Supramolecular chemistry and self-assembly in organic materials design

Samuel I. Stupp*, Liam C. Palmer

*Corresponding author for this work

Research output: Contribution to journalReview articlepeer-review

397 Scopus citations


Organic materials naturally lend themselves to the crafting of structure and function using the strategies of self-assembly and supramolecular chemistry employed so effectively by biological systems. This perspective illustrates progress over the past two decades on self-assembly in materials chemistry through research on systems where function is directly linked to noncovalent interactions among molecules. The genesis of this approach in chemistry of materials involves the design of relatively simple structures using hydrogen bonding, π-π stacking, metal-ligand interactions, electrostatic forces, strong dipole-dipole association, hydrophobic forces, and steric repulsion. Gradually many new and exciting opportunities have emerged, such as supramolecular nanostructures that assemble into functional bulk materials and supramolecular polymers in which the motif of covalent connections among monomers is imitated by creating one-dimensional assemblies of an arbitrarily large set of molecules in both composition and size. Supramolecular polymers offer the opportunity to create structures that integrate unprecedented order in 1D assemblies with interesting dynamics through bond reversibility. Other fascinating systems are those in which intermolecular interactions and other forces can be used to create the hierarchical and highly functional structures ubiquitous in biology, such as bone and muscle, in which different types of order exist within the same structure at different length scales. Directions that have a bright future include nonequilibrium dynamic materials with the capacity to be adaptive, self-repairing, chemically alterable, and even replicative - all characteristics we see in living organic matter. Additional promising areas include 2D and 3D systems that are not necessarily classical crystals and the rational synthesis of functional organic-inorganic hybrid materials. The most exciting aspect of self-assembly and supramolecular chemistry is their open ended nature, and these are two areas of chemistry for which many new principles will be established in this century.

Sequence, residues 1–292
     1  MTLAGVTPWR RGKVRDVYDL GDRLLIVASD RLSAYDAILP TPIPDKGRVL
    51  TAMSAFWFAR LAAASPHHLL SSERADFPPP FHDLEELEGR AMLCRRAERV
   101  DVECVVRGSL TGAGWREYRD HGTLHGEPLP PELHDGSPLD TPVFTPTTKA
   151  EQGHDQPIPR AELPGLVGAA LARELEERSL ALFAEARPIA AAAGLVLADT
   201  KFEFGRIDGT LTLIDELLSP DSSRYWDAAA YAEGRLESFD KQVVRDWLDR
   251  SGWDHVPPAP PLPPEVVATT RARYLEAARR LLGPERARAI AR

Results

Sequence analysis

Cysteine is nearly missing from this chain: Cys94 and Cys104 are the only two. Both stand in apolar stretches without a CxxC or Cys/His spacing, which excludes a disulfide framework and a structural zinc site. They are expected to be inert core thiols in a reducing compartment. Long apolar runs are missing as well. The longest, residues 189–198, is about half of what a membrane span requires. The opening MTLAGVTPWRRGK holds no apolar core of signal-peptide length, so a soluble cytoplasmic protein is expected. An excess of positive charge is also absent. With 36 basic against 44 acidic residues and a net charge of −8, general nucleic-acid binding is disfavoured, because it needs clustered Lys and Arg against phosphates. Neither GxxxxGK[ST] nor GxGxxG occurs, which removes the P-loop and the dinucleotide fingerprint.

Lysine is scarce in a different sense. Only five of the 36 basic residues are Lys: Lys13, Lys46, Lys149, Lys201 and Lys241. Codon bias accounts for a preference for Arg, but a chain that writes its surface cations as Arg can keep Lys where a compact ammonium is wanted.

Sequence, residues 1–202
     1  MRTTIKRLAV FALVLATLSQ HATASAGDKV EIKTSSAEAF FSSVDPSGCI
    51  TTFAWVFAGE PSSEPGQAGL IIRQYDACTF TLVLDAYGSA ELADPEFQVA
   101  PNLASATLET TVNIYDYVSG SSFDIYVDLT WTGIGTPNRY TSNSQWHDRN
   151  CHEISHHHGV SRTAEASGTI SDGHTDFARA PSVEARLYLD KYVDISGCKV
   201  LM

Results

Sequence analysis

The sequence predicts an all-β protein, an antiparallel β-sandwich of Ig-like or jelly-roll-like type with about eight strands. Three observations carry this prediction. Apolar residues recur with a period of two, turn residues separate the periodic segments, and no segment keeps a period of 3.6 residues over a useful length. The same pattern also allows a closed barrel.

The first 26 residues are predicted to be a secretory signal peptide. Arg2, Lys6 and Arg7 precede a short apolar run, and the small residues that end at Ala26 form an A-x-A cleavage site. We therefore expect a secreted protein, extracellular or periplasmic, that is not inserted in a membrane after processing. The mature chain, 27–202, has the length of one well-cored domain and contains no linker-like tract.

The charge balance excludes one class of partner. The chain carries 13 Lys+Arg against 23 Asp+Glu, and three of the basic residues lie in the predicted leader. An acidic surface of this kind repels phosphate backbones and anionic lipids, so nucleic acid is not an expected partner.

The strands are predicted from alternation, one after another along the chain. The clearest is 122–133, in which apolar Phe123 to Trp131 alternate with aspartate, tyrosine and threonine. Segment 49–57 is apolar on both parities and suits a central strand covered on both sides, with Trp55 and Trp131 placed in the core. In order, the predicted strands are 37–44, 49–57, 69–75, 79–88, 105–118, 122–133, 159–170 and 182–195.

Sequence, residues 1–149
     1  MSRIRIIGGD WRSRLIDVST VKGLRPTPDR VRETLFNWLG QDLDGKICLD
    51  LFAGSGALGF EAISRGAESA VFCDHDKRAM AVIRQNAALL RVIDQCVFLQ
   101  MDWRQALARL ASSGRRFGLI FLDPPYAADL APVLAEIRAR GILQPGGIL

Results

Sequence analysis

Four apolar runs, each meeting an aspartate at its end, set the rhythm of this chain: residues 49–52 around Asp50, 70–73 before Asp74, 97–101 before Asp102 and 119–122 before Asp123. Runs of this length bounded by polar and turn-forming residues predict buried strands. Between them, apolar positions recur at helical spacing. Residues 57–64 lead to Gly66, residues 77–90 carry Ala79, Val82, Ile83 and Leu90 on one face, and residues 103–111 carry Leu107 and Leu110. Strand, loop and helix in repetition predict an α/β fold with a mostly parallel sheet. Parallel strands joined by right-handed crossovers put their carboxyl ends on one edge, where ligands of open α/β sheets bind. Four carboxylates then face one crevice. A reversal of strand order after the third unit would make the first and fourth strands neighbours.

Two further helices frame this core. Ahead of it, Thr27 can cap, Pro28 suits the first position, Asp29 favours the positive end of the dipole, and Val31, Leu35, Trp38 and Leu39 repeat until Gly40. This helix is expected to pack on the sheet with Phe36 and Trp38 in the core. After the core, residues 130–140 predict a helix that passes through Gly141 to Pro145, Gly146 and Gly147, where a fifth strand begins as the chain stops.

Original languageEnglish (US)
Pages (from-to)507-518
Number of pages12
JournalChemistry of Materials
Issue number1
StatePublished - Jan 14 2014


  • hierarchical self-assembly
  • hybrid materials
  • organic ferroelectrics
  • templation

ASJC Scopus subject areas

  • Chemistry(all)
  • Chemical Engineering(all)
  • Materials Chemistry


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